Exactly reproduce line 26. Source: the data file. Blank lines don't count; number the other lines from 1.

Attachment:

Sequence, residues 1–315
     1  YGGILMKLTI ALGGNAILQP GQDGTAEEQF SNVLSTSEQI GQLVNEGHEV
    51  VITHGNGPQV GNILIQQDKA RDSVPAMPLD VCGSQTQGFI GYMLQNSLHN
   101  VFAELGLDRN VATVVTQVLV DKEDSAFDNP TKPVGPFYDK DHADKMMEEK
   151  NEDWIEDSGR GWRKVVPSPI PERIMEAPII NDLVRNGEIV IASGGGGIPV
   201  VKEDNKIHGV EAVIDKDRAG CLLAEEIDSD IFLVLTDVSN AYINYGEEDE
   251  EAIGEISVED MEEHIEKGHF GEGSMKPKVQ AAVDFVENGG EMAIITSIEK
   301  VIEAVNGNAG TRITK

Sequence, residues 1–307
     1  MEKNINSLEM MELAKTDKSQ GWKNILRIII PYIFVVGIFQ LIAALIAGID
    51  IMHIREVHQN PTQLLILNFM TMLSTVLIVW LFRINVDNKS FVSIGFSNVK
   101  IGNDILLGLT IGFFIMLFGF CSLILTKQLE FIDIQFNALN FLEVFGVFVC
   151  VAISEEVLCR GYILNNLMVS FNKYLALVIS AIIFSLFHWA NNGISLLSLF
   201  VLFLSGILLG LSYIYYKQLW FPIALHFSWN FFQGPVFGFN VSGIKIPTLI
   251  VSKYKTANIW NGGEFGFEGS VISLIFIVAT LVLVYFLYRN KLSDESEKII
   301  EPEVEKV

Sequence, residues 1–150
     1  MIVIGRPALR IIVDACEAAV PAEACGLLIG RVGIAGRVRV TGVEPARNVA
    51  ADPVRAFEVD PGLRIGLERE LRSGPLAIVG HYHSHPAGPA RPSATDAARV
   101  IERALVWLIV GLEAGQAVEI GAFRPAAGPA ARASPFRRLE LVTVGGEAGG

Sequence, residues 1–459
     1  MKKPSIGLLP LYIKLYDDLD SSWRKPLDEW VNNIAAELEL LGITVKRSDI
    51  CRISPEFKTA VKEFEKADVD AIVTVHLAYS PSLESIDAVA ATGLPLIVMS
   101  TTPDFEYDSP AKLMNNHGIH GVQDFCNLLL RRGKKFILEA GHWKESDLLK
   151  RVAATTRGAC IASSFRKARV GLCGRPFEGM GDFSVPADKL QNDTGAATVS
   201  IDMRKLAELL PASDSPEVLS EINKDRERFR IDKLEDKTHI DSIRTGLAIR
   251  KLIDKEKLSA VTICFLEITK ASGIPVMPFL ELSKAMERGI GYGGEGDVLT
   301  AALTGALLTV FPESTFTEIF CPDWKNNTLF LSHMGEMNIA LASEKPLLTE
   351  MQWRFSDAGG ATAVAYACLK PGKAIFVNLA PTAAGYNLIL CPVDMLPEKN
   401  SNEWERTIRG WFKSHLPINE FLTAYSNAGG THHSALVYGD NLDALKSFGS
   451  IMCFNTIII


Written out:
   201  IDMRKLAELL PASDSPEVLS EINKDRERFR IDKLEDKTHI DSIRTGLAIR